Deepak Panda does not simply design buildings. Aesthetics reign supreme in his work. Be it the particular type of stone used for individual projects or the nuances that create harmony with the environment—elements define his style.
In the early 2000, when the state-run Industrial Infrastructure Development Corporation (Idco) asked Architect Studio (where Panda is a partner) to design Bhubaneswar’s Ekamra Haat, the project was just a string of buildings. A crafts village, Ekamra Haat was meant to give marketing infrastructure to rural as well as urban artisans and weavers. The first two things that Panda proposed were an open-air auditorium and a water body for rainwater harvesting. Soon terracotta crafts came into picture, followed by murals on every vacant wall space and landscaping around the five-acre place. Twelve years after it was thrown open, Ekamra Haat is a part of Temple Town Bhubaneswar’s very core.
Over the years, Panda’s designs, which blend the traditional with modern functions, have found a wide range of clientele. His vast repertoire includes Vrindavan Gurukul that he conceptualised for flute maestro Pandit Hariprasad Chaurasia to designing a rehabilitation colony for PSUs such as Odisha Power Generation Corporation.
An architecture graduate from Odisha Government’s College of Engineering and Technology, Panda belongs to a business family from Berhampur. Architecture happened by chance but soon he realised he had found his calling.
Ekamra Haat was a big leap and opened new vistas for Panda. The Urban Haats at Konark and Puri, the two of the most important cultural centres of the state, were also designed by Panda and his team. “The challenge for the Urban Haat at Konark was to create a podium where the visitors could step into and watch the silhouette of the Sun Temple. The whole 4.5 acre area was created with exposed bricks, laterite stones and terracotta crafts on which local artisans worked,” he shares.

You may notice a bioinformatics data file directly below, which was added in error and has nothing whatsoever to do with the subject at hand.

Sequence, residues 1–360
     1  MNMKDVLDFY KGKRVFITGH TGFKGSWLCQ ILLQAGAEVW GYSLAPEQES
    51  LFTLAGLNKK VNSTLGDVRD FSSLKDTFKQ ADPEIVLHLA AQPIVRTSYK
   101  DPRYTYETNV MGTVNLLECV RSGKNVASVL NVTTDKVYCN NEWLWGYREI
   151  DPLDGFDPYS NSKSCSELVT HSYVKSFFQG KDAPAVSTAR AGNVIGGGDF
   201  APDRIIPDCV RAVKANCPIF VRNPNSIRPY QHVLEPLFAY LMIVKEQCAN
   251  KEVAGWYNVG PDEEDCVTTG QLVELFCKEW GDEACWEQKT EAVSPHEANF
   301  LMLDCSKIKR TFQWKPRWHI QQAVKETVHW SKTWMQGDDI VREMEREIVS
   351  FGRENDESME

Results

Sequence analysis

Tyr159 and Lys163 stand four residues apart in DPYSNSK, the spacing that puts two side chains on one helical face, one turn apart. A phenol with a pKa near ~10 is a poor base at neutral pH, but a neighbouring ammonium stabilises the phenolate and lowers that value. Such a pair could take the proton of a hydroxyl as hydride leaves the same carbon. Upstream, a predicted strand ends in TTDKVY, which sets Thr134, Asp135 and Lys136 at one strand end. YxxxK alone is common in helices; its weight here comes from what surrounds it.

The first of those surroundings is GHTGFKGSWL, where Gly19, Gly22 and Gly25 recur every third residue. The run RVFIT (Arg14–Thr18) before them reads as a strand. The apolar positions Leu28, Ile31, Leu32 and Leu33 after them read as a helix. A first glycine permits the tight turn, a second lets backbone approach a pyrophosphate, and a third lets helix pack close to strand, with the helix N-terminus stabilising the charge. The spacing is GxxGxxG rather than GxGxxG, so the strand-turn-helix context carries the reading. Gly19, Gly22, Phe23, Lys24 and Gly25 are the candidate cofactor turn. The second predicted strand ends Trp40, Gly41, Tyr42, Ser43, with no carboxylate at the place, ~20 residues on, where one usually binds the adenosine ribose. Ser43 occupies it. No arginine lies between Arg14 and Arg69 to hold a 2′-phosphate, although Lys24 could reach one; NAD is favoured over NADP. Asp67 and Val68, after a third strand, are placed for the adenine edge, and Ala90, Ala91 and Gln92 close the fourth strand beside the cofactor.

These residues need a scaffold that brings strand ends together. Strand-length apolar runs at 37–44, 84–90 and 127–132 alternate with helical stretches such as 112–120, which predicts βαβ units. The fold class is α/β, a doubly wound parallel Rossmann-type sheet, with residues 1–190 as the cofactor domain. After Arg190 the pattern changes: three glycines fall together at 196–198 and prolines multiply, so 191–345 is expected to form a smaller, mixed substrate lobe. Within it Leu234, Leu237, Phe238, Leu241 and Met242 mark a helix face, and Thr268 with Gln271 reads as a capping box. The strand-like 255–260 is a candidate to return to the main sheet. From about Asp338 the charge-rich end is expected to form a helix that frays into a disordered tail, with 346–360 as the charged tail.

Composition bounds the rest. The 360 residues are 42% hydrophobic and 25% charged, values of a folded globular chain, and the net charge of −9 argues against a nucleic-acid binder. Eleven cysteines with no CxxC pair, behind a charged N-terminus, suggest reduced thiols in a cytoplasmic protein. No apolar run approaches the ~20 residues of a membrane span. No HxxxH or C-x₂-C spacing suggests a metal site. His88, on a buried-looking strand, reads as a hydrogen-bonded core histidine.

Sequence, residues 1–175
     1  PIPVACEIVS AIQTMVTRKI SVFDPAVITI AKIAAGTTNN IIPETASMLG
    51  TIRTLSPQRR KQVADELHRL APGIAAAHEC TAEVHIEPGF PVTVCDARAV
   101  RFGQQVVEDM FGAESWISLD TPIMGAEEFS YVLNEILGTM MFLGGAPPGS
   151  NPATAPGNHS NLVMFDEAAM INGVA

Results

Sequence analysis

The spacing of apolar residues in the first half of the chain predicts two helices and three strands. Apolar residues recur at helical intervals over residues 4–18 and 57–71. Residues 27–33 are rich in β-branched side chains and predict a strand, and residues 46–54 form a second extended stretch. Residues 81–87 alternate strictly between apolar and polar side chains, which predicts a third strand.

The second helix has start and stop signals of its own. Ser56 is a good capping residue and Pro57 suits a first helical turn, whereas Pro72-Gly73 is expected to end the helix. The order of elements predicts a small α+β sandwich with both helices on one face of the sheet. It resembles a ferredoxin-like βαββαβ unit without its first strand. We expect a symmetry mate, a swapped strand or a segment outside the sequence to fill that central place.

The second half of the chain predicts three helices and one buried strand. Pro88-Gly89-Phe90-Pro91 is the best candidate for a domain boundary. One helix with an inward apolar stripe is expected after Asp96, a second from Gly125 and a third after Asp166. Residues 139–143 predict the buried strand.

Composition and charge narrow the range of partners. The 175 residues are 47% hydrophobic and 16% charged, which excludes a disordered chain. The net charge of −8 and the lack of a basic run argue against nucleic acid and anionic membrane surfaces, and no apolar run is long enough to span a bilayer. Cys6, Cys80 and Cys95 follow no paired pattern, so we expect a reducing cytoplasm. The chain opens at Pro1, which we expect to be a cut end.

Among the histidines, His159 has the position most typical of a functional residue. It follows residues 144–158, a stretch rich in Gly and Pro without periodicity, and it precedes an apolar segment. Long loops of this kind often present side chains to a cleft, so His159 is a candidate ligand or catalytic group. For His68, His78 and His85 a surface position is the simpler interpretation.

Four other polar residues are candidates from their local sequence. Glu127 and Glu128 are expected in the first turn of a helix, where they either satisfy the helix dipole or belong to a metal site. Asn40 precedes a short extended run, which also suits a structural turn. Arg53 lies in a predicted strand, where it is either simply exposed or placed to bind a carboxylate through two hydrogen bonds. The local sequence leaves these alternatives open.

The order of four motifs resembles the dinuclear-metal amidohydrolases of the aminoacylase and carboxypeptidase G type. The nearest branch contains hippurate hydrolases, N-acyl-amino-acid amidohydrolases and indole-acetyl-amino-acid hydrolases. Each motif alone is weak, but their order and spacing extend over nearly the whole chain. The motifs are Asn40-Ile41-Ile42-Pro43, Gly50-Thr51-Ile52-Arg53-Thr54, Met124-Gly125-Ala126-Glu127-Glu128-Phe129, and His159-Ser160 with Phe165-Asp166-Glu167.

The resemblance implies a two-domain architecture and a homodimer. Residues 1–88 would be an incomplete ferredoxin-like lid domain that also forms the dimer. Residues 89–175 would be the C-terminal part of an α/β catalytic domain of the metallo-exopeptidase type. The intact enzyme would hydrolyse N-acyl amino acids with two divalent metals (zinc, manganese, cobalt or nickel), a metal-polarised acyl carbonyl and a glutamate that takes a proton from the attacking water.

The Urban Haat at Puri followed the traditional style of the Pilgirm Town with the perimeter wall following the style of Lord Jagannath Temple’s compound wall.” The rows of coconut and palm trees pre-existent at the spot were retained and made part of the design.
The real challenge, however, was yet to come. Four years back, India’s flute maestro Pandit Hariprasad Chaurasia wanted to set up his second music school in Bhubaneswar. He wanted to build an ashram where the Guru-Shishya tradition would be followed.
“The theme was music and it had to have all the elements of a gurukul, the cardinal elements intact. Panditji already had a Vrindaban Gurukul in Mumbai and we had to ensure that the standard remained uncompromised,” says Panda.
Laterite stones were handpicked from Chandpur, a small town of Khurda, based on their texture and the school’s designed followed the Vaastu philosophy. A huge open air auditorium was built using these stones. The school is designed in such a way that disciples can practise “riyaaz” anywhere. A huge practice hall of 900 sq ft was designed in such a manner that it did not require a single air-conditioner. To add to the traditionality, Kadamba trees were planted across the campus.
Panda is now designing the Handicrafts and Handlooms Museum on the outskirts of Bhubaneswar. The 14-acre museum will have separate handicraft and handloom blocks where visitors can walk in and see for themselves the artists at work.
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